Fast Track: With friends like these

In a cut-throat workplace, chums are harder to come by for graduates than in their student days.
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The Independent Culture
For anyone joining the graduate intake of a large company, a brand new social milieu is supposedly something to look forward to. Day after day, you'll be surrounded by a group of like-minded young people, half of whom will be of the opposite sex. Play it carefully and it could be like student halls all over again, only this time with the kind of cash to do things in style. But does it really work out like that?

Will, a recent graduate who joined the accounting firm Deloitte & Touche in 1996, didn't think it would. "I expected to keep all the same friends I'd made at college and just go to work every day, where they would all be accountants and therefore incredibly dull." But the accountants surprised him. "For one thing, they're very conscious of their public image and some of them feel a duty to disprove it. I can honestly say I've been on longer, harder benders with my work colleagues than I did as a student."

Mark, a college contemporary of Will's who won a trainee position with the management consultants PriceWaterhouseCoopers, confirms that he sees his friend less frequently these days. But he points out the negative side of befriending colleagues. Bonds formed in the workplace generally tend to be shallow. "It's always seemed strange that I spend far more social time with my colleagues than with my other friends, yet I still don't know an awful lot about most of them." It's all too easy, he maintains, to feel you have no choice but to become involved. Before you know it, the weekend is the only time you'refree of work. "There is a false camaraderie manufactured by nights out at places you wouldn't want to go to, with people you wouldn't want to go with."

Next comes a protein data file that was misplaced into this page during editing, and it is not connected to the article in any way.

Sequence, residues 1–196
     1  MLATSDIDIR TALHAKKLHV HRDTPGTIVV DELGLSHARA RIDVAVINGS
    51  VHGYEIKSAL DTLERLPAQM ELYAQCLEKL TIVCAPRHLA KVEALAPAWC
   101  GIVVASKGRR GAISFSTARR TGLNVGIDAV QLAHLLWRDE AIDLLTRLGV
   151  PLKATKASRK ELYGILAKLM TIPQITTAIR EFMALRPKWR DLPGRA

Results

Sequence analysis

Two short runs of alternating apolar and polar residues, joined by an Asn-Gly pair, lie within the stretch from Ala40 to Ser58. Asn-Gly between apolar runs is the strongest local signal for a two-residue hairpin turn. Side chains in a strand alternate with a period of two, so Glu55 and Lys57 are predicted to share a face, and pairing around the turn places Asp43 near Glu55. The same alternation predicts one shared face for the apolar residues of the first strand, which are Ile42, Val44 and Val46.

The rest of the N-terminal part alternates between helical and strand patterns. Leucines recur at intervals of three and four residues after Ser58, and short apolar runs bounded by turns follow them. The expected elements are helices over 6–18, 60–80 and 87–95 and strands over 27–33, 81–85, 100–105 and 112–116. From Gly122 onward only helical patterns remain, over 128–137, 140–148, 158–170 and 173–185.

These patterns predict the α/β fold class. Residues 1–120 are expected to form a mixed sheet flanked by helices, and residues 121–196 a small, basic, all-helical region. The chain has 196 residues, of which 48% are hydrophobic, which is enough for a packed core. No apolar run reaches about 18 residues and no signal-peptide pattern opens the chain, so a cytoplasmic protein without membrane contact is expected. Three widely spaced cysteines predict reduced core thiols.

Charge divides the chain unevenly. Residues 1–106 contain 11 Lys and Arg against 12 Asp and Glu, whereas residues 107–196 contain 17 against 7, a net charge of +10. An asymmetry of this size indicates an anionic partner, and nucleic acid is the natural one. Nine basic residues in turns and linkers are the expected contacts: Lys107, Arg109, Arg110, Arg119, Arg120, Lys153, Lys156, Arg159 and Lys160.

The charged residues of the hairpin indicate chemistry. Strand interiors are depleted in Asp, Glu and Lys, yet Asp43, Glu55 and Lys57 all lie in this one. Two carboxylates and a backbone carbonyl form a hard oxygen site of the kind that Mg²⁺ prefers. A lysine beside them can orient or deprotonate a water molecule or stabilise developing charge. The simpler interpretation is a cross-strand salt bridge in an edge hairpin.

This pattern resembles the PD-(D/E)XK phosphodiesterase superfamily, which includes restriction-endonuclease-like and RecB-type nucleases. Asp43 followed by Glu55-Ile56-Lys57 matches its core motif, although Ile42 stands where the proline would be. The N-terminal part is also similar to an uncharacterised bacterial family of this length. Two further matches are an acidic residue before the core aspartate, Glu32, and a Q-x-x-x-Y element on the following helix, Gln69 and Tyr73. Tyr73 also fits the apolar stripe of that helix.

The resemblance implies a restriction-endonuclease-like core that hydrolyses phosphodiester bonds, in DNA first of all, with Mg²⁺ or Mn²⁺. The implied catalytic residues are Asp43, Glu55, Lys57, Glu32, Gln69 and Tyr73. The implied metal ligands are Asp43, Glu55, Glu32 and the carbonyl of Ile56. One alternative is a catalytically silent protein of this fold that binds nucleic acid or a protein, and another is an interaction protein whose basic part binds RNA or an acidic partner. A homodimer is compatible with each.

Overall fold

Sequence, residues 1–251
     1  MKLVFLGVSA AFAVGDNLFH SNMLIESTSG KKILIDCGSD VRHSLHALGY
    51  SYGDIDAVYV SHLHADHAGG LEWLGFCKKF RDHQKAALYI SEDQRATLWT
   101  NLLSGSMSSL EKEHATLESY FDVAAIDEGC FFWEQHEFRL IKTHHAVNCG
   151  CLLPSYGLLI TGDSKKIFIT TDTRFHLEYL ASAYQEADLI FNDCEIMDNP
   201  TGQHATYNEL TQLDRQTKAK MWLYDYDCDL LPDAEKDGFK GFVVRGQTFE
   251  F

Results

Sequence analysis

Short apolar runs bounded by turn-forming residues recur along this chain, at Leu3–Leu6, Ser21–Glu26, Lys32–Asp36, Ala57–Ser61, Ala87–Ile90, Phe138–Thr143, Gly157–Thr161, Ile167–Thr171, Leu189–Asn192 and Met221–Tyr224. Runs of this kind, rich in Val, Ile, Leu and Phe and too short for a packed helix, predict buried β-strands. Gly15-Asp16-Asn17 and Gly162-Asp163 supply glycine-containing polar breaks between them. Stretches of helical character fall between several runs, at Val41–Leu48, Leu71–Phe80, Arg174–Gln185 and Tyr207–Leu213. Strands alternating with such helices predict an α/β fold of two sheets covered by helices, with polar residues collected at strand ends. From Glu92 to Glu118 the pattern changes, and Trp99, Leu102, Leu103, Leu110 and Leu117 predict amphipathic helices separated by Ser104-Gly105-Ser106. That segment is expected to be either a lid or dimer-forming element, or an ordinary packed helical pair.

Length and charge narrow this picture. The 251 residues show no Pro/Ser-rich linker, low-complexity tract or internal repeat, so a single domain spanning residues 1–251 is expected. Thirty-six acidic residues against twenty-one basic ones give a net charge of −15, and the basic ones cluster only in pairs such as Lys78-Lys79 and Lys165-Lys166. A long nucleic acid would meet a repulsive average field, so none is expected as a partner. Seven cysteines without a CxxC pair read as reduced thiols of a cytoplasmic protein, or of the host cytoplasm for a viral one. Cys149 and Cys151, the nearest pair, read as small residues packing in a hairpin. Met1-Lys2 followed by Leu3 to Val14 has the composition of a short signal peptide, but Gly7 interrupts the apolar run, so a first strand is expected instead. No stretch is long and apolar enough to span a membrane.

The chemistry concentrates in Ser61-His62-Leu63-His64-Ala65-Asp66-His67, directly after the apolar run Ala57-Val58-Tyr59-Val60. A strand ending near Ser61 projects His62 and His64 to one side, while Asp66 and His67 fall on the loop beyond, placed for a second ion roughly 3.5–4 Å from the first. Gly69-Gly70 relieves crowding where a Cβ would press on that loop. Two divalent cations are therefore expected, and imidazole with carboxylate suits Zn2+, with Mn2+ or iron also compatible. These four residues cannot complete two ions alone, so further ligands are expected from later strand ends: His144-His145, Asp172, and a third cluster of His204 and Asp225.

It could be argued that the social culture during the first year of university is not dissimilar. The difference is, according to Mark, that students do not share the same level of superficiality. Rather, they get worked up about "honesty" and "integrity", and spend much time and energy thinking about what someone is "really" like. In the workplace, there is a more pragmatic approach. All that matters is what you do, and communication between colleagues - whether in the office or in the local bar - tends to reflect this.